RALEIGH — The expansion Vegas Golden Knights proved this season that a team can not only compete but thrive with a team-first mentality. That doesn’t change the fact that the NHL is a league of superstars, and the team that ultimately wins the Stanley Cup — in this year’s case, the Washington Capitals — almost always has the most top-end talent.
In fact, the last 10 teams to win the NHL’s ultimate prize have included a player who was selected first or second overall in the NHL Draft. And since 2001? Fourteen of the last 17 Cup winners had such a player (or players) on their roster — only the 2008 Red Wings and 2001 Avalanche did not boast a player picked first or second overall.
Enter the Carolina Hurricanes.
Carolina hit the jackpot by jumping from 11th to second overall in this year’s draft lottery, earning the right to select any player not named Rasmus Dahlin at No. 2. Chances are, that player will Russian Andrei Svechnikov, the OHL’s Rookie of the Year with the Barrie Colts who scored 40 goals in 44 regular season games this season.
The Hurricanes have drafted well in recent years, most notably landing emerging star Sebastian Aho in the second round of the 2015 draft. They have similar hopes for last June’s 12th overall pick, Czech-born Martin Necas, who is expected to make the jump to the NHL this season after playing the last two year’s in Extraliga, the top men’s league in his home country.
While Aho, Necas and other young players form the foundation of what Hurricanes owner Tom Dundon and new general manager Don Waddell hope is a contender, the addition of a top-two talent, like Svechnikov, figures to be a difference-maker.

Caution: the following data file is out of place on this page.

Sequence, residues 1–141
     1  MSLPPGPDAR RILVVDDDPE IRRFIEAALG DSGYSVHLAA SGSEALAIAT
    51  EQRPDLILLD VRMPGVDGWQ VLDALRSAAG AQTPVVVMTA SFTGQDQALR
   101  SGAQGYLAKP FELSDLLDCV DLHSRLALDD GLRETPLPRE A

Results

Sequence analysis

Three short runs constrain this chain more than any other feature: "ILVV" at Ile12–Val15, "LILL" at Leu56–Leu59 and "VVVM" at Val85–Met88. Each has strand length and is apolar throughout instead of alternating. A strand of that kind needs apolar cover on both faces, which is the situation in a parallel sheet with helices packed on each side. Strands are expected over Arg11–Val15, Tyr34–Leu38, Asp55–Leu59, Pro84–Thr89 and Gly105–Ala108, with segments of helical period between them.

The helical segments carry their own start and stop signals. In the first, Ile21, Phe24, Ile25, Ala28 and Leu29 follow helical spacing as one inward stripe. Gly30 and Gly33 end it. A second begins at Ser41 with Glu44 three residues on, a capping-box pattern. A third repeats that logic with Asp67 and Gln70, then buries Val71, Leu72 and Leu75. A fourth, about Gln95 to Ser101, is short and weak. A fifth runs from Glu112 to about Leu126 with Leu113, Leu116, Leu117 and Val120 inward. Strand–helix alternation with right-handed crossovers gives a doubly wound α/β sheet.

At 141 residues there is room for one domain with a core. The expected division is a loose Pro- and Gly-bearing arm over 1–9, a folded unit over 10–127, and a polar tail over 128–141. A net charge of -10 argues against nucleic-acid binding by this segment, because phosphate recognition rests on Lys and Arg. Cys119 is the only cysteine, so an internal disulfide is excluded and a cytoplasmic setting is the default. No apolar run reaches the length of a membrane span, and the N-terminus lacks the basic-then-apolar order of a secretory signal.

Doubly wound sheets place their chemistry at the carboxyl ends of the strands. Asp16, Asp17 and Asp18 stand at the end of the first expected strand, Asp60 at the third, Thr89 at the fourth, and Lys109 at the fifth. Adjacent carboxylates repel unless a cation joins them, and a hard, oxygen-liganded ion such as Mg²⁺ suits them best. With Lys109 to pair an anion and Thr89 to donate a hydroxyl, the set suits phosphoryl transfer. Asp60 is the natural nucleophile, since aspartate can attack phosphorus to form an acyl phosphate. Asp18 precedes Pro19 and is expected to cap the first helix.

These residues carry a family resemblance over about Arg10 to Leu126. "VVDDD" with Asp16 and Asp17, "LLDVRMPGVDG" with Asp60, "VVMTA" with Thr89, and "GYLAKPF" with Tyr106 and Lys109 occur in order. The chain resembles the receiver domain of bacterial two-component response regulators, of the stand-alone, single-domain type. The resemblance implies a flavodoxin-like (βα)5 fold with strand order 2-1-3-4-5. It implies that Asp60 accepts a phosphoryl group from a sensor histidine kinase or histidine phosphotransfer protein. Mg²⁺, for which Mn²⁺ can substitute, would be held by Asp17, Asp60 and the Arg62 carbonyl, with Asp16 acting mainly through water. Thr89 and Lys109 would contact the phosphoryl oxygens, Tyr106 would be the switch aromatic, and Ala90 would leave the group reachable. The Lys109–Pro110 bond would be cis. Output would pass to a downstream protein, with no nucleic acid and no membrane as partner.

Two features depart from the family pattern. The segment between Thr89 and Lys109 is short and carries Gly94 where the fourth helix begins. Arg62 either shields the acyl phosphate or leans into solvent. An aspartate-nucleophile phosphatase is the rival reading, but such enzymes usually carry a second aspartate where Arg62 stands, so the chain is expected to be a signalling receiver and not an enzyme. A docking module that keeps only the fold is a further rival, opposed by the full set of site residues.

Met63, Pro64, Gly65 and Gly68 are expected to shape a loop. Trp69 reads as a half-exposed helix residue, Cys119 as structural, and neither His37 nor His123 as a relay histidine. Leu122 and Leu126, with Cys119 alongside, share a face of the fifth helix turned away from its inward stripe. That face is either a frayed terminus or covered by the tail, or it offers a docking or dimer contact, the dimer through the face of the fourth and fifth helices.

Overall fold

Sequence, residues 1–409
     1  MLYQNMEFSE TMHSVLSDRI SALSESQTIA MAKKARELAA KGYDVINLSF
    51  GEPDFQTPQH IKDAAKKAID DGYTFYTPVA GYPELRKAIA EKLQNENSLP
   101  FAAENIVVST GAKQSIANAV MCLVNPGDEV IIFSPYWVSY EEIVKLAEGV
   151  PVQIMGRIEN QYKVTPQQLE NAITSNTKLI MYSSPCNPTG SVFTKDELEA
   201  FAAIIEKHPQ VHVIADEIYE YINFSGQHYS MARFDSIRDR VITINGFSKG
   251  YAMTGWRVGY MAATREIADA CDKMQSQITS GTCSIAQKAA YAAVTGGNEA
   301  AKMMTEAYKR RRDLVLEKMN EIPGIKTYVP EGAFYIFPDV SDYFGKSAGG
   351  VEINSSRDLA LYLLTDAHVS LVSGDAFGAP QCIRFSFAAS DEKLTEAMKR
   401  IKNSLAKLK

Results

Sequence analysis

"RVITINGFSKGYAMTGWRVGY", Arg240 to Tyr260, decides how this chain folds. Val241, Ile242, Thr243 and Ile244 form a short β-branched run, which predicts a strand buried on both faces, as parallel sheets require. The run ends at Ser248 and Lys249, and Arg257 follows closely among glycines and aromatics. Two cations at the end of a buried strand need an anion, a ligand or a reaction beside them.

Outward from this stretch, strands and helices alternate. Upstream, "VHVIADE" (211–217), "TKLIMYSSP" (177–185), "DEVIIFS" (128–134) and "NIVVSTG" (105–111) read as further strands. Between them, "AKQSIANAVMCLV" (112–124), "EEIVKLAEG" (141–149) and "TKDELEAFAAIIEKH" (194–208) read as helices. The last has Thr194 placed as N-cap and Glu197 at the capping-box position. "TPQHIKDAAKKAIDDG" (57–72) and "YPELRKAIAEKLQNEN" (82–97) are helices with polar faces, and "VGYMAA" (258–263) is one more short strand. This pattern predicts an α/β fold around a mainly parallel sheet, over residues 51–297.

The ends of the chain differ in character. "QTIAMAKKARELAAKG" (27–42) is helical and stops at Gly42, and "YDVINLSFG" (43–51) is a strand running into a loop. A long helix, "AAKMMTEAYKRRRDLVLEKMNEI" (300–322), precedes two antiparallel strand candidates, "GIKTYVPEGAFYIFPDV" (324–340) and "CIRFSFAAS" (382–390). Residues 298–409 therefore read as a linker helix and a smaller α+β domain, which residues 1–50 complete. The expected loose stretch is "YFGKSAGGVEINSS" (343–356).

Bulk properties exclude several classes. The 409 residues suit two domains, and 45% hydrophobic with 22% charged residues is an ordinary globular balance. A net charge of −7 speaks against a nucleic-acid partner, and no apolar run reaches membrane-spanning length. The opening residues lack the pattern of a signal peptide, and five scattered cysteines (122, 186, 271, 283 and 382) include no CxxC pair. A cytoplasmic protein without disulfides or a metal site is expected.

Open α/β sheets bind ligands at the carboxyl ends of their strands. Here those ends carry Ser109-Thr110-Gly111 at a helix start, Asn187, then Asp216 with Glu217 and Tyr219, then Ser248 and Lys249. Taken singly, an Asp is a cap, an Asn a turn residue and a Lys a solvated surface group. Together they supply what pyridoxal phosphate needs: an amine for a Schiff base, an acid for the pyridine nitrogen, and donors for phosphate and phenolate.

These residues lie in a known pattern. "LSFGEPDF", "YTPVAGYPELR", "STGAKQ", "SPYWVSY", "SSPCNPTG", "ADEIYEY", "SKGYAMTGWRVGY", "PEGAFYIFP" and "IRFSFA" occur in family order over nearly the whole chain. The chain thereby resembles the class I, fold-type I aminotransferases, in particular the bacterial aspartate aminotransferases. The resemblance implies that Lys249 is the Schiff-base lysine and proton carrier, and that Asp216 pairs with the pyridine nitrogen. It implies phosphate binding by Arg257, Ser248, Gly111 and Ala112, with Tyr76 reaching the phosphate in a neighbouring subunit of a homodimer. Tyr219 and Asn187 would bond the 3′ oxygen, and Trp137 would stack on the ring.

It’s not hard to see why Washington, Pittsburgh, Chicago and Los Angeles had success over the past decade. First overall picks Alexander Ovechkin, Sidney Crosby and Patrick Kane were all key players — if not the pivotal player — in their team’s Cup wins. Second overall selections Evgeni Malkin and Drew Doughty were — and still are — similarly responsible for the success of the Penguins and Kings, respectively.
And while goalie Cam Ward was the Conn Smythe winner when the Hurricanes won the Cup in 2006, it was Eric Staal — their second overall pick in the 2003 draft — who led the team in postseason scoring.
Not only is top-two talent a game-changer for NHL teams, but the success it breeds generally goes to the team who picked the player. In 12 of the 14 instances since the 2000-01 season that a player being selected first or second overall was part of a Cup-winning team, that player was drafted by the championship team.
Coincidentally, the two top-two picks who weren’t chosen by the team they won with were former Hartford Whalers: Chris Pronger, who won the Cup in 2007 with the Ducks, was the second overall pick by Hartford in 1993; and Brendan Shanahan, the No. 2 pick by New Jersey in 1987 and a member of the loaded 2002 Red Wings Cup team, was traded to Detroit in 1996 after two games of the Whalers’ final season before relocating to North Carolina.
Carolina has been deemed an “on-the-rise” team for a few seasons now, but has yet to parlay that into on-ice success. Chances are, the player they take at No. 2 will finally be the piece to end a nine-season playoff drought — and bring perhaps even greater success.